Here's something Neat- A Ramshackle High Wheeler- 1880 Otto Model 4 High Wheel Bicycle

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The Carolina Rambler

Finally riding a big boys bike
..........................Hello everybody, hope you are doing well! I got a pretty awesome find a couple of weeks ago, and I have been wanting to share it with yall. If you live in the Carolinas or Virginia, you may have even seen it for sale on our local Craigslist. This is a circa 1880-81 Otto Model 4 High Wheel Bicycle, built by the Western Toy Company of Chicago, Illinois, more famously known in later years as Western Wheel Works. At first, the seller and I were unsure of exactly what it was, but after some research online browsing the limited information published about these bikes, I think I have identified it. This bicycle is actually not from Chapel Hill, NC where I bought it, but spent its previous 40 or more years in the town of Old Snow Mass, Colorado, adorning the top of a handrail balustrade in a home, covered in tropical vines. I bought it from that person's nephew, who was entrusted with liquidating his estate, and that is how the bike made it here to the East Coast. So who knows where it was before then, but if it was local to that area, then I reckon it lain witness to the Wild West...........maybe :) . Oddly enough it seems that most of the Otto bicycles I have seen have turned up out west, and about every other year one comes up for sale at Copake auction. The last one I saw was on ebay in Montana, but it did not ultimately sell.

...........................I believe this is an 1880-81 machine, because it has a number of later features not seen on those built in the 1870s, such as a lever operated brake, instead of twist grip, and a front fork forged of one piece of wrought iron, as opposed to several sections joined together as seen on 1870s Otto's. It also has a later style head adjuster screw. I believe it is not later than about 1881, because supposedly it was in that year that the "New Otto" and "Rival" bikes, which were equipped with wire spoke wheels, came into production, and the original Otto line was discontinued. This is one of the relatively few models of high wheel bikes that was designed with old style wooden wagon wheels. It is likely a model 4, because it should have a 42 inch front wheel, which according to an advertising pamphlet, is "adapted for youths of 15 to 20 years", and more specifically, people with an inseam of 30 inches. So being an average sized fellow or even a shorty, that suits me pretty well! I have also found that a good number of Otto's that have turned up, are rarely if ever over 42 inch wheel diameter, which I can only guess is because an average person in those days might have about a 30 inch or so inseam, since supposedly the average person was shorter then than now, but who knows. Otto also largely catered to the youth bicycle market.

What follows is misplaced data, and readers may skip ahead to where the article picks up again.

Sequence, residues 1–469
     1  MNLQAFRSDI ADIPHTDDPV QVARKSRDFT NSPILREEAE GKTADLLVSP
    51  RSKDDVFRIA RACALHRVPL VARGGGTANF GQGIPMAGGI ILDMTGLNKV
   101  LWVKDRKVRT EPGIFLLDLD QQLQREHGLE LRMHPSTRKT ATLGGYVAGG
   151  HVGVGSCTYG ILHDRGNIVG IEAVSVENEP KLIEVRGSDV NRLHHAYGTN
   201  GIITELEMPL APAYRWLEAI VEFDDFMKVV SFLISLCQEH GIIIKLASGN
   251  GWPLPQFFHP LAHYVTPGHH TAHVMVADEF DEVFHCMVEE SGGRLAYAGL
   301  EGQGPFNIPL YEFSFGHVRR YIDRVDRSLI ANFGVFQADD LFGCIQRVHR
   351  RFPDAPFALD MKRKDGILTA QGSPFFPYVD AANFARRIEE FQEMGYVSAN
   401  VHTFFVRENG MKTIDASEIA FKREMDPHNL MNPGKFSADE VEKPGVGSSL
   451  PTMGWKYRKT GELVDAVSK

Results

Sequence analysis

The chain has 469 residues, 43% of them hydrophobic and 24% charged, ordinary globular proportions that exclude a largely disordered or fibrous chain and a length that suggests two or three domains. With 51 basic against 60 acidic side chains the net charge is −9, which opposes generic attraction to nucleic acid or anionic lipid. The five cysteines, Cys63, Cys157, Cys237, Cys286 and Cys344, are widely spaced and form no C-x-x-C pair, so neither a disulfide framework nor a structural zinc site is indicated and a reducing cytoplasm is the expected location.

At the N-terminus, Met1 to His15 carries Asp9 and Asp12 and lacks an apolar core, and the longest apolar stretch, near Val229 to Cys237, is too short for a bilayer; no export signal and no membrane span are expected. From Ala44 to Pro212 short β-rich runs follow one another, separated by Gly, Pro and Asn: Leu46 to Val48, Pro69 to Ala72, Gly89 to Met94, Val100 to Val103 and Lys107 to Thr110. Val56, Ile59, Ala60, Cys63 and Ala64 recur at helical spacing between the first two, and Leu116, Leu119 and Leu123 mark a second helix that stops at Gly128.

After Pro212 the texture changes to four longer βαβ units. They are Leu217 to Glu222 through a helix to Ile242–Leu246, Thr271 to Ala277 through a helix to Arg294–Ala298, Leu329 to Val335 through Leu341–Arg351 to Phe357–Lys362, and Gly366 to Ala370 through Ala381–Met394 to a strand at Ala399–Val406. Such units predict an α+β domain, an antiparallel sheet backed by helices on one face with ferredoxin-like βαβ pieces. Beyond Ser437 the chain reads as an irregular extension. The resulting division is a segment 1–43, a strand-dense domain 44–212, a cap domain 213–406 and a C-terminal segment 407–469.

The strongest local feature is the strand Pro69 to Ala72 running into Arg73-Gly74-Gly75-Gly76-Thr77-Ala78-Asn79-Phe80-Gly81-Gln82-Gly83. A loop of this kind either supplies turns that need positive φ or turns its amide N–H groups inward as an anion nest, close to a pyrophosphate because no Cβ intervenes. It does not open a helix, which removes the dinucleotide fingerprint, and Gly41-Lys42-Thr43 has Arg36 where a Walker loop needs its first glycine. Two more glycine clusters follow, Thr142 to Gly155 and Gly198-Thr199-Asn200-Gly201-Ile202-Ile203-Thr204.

..........................This bicycle as you can see is pretty ramshackled, and needs a lot of fabrication work which I hope to do sometime in the coming years, to get it rideable. It will also need some proper wheels built, and I am thinking of having this done by Custom Wagon Wheels Company. If you have any advise, comments, or literature on this please feel free to post it here, and any information is greatly appreciated. Although I can fabricate everything this bikes needs (except the wheels) if you have any recommendations for some people who make parts for a machine like this, such as bronze bushings to name one, let me know. Thank you for reading, and have a nice evening!